Over the past 20,000 years or so, sea level has climbed some 400 feet (120 meters). As the climate warmed as part of a natural cycle, ice melted and glaciers retreated until ice sheets remained only at the poles and at the peaks of mountains. Early on, the sea rose rapidly, sometimes at rates greater than 10 feet (3 meters) per century, and then continued to grow in spurts of rapid sea level rise until about 7,000 years ago. Then, the climate stabilized and sea level rise slowed, holding largely steady for most of the last 2,000 years, based on records from corals and sediment cores. Now, however, sea level is on the rise again, rising faster now than it has in the past 6,000 years. The oldest tide gauges and coastal sediment preserved beneath swamps and marshes show that sea level began to rise around 1850, which is right around the time people started burning coal to propel steam engine trains, and it hasn't stopped since. The climate likely started warming as a part of a natural cycle, but the accelerated warming in the last two hundred years or so is due to a rise in atmospheric carbon dioxide. The resulting rise in sea level is likely twice what we would have seen without the increase in greenhouse gasses due to human activities.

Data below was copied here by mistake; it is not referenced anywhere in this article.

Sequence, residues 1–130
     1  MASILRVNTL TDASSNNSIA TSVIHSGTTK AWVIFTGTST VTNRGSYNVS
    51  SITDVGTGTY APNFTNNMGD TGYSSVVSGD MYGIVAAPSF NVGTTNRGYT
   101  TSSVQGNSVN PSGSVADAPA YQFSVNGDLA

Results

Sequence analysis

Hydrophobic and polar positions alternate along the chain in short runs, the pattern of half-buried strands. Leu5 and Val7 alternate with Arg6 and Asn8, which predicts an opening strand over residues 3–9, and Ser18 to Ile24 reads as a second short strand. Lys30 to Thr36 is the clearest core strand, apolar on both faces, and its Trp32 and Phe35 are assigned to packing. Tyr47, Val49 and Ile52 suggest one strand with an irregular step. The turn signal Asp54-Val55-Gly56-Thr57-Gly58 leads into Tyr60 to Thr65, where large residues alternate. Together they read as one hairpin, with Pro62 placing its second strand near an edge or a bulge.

Today, global sea level is 5-8 inches (13-20 cm) higher on average than it was in 1900. Between 1900 and 2000, global sea level rose between 0.05 inches (1.2 millimeters) and 0.07 inches (1.7 millimeters) per year on average. In the 1990s, that rate jumped to around 3.2 millimeters per year. In 2016 the rate was estimated to be 3.4 millimeters per year, and it is expected to jump higher by the end of the century. Scientists with the Intergovernmental Project on Climate Change predict that global sea level will rise between 0.3 and 1 meter by 2100. Eventually, sea level is expected to rise around 2.3 meters for every degree (°C) that climate change warms the planet, and Earth has warmed by 1°C already. What scientists don't know is how long it will take for sea level to catch up to the temperature increase. Whether it takes another 200 or 2000 years largely depends on how quickly the ice sheets melt. Even if global warming were to stop today, sea level would continue to rise.


What Earth's Climate Was Like Last Time CO2 Was Over 400ppm (Like Now)

This is what Earth's climate was like the last time global carbon dioxide levels were consistently at or above 400 parts per million.

“What was the climate and sea level like at times in Earth’s history when carbon dioxide in the atmosphere was at 400ppm?”